Day 16–They Should’ve Sent A Poet

There was a scene in the movie “Contact”  in which the protagonist Ellie Arroway is propelled on a cosmic voyage across time and space. She gets to a place where the awesome majesty of the heavens is spread out before her and she gawks at what she is seeing and stammers, “No –no words. No words to describe it. Poetry! They should’ve sent a poet. So beautiful. So beautiful…I had no idea.” They should’ve sent a poet. Tonight as I was driving home from work on my usual hour-plus commute, I came around a arcing curve on the Beltway and although I was surrounded by hundreds of cars, their bright tail lights and headlights shining all around me, what caught my attention, there in front of me was an enormous, orange sherbet colored moon, seemingly resting on the edge of the Beltway. It was caught off guard by this stunning sight, to the point that I almost ran into the cars in front of me because I looking at it instead of the paying attention to my speed. For the next several minutes of the drive I rode along with my phone in my lap set to camera, because I was so enthralled I was determined to take a picture of it. It ducked behind trees and buildings, hillsides and road signs, hiding from me. It wasn’t until a few hours after I’d gotten home that I could finally get a good look at it, but by then it had risen high into the sky and lost its orange-golden effervescence and was more the standard whitish color that we’re used to seeing when we see the moon. It is nevertheless still beautiful, in spite of its characteristic milkiness and regular size.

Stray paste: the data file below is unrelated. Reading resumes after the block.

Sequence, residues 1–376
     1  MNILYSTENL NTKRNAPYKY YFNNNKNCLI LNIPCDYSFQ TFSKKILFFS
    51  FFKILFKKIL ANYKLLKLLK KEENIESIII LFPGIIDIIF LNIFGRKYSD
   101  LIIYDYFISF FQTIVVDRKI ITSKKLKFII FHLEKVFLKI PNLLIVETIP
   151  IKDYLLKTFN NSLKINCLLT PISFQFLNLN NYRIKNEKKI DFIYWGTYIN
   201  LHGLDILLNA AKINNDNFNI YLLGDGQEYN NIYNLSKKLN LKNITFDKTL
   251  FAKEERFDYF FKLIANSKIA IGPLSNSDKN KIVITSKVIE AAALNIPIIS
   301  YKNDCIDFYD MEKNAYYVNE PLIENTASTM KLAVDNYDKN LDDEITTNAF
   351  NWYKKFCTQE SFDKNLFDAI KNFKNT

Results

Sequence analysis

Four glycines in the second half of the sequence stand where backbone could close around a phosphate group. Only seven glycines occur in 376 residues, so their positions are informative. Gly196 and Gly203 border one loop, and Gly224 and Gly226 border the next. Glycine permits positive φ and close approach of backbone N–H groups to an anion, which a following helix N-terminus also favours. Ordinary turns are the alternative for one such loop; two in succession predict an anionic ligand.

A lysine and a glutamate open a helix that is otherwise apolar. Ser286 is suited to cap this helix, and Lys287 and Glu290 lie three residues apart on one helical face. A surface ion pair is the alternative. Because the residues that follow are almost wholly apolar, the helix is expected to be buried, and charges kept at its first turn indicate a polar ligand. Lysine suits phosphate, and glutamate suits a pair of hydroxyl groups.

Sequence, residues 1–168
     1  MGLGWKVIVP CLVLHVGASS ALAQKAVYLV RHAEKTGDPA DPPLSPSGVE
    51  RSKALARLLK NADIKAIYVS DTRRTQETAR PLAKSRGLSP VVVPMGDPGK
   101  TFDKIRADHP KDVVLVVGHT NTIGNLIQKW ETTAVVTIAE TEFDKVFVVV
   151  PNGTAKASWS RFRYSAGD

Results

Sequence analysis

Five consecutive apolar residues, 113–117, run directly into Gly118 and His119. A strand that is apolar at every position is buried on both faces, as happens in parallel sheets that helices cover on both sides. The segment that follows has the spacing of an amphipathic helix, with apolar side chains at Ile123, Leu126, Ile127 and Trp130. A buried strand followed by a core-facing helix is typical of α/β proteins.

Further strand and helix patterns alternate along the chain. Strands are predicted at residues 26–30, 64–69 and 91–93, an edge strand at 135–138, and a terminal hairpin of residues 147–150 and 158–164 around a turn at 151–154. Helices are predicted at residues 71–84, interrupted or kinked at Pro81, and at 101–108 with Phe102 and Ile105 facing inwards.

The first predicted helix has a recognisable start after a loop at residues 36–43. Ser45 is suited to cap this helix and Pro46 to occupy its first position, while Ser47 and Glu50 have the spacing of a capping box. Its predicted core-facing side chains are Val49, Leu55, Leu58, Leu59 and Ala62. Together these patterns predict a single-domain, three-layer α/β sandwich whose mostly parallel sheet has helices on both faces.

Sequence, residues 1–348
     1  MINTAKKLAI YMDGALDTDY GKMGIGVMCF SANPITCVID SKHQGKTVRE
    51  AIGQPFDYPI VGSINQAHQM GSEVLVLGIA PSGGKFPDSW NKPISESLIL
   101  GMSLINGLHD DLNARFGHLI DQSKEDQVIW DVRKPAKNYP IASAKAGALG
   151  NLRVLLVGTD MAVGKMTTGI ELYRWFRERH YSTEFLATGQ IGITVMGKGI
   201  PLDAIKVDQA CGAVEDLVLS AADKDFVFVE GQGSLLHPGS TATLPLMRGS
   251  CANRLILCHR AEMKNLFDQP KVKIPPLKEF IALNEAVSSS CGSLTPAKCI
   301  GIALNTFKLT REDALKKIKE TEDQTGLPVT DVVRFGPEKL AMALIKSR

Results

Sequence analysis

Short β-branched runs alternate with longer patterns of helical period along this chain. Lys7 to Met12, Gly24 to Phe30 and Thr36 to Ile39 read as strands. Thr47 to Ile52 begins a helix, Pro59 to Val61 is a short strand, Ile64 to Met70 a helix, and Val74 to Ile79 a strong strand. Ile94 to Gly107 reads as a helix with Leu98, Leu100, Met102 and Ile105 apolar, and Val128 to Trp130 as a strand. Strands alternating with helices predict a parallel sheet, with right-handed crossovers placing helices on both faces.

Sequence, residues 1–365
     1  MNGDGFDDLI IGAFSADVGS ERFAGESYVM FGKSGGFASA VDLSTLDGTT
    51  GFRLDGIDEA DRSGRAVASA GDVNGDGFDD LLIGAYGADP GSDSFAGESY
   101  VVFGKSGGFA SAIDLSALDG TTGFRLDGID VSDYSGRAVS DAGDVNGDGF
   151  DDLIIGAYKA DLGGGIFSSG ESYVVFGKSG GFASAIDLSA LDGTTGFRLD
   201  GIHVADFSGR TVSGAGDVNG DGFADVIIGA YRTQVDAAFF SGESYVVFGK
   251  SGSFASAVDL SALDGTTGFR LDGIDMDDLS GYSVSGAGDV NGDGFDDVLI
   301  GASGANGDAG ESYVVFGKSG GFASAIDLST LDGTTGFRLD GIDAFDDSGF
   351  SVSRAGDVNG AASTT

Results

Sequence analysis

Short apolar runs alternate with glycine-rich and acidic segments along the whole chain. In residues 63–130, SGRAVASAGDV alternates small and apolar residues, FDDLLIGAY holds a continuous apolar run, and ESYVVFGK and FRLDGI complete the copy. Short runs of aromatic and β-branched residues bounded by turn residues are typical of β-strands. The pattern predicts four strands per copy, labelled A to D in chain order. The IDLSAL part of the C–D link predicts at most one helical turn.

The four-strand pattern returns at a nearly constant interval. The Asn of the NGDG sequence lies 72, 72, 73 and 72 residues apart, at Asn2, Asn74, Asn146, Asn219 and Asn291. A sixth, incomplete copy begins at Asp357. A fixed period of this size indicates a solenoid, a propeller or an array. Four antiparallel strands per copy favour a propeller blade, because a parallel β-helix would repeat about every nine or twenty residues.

When I witness such things I am continually reminded of how very very small we humans are in the scheme of things. Oh we humans think the universe revolves around us, and I would suggest that some of us in the more “developed” nations in the world would say that the world revolves around us in particular. But the truth is, we are so small when we stand in the majestic beauty of nature, particularly beneath celestial bodies that stir our souls and fire our imaginations. I am as delighted by my reaction to seeing the moon as by the moon itself. I want to feel that sense of wonder when I see such awesome beauty. And while I haven’t seen the planets, stars, and galaxies like the fictional Ellie Arroway did, I have seen things that left me speechless and wishing I could find words to describe them.

Life is filled with challenges and obstacles, as well as the mundane aspects of every day living: of meetings and emails and papers at work to walking the dog, bringing in the mail, and taking out the trash at home. I am always so delighted when suddenly, in the midst of the mundanity, something so spectacular appears as to take my breath away. Tonight it pumped a small burst of energy into what had been an excruciatingly exhausting drive home. No words to describe it, Ellie gasps as she tries to make sense of what she’s seeing. These are the small moments that transform the ordinary into the extraordinary, the mundane to the magnificent. They happen with wonderfully random unpredictability. They should have sent a poet, but they sent me instead, and I am all the richer for it.

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